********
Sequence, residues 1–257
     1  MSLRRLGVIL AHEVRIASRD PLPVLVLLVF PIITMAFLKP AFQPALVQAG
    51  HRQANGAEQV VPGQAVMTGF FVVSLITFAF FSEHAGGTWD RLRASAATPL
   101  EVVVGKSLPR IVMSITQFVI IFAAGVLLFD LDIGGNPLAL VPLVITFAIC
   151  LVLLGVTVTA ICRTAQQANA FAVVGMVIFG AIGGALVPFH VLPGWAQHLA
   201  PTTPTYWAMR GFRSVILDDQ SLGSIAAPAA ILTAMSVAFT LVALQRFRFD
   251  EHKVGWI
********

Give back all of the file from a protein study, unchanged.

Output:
Sequence, residues 1–257
     1  MSLRRLGVIL AHEVRIASRD PLPVLVLLVF PIITMAFLKP AFQPALVQAG
    51  HRQANGAEQV VPGQAVMTGF FVVSLITFAF FSEHAGGTWD RLRASAATPL
   101  EVVVGKSLPR IVMSITQFVI IFAAGVLLFD LDIGGNPLAL VPLVITFAIC
   151  LVLLGVTVTA ICRTAQQANA FAVVGMVIFG AIGGALVPFH VLPGWAQHLA
   201  PTTPTYWAMR GFRSVILDDQ SLGSIAAPAA ILTAMSVAFT LVALQRFRFD
   251  EHKVGWI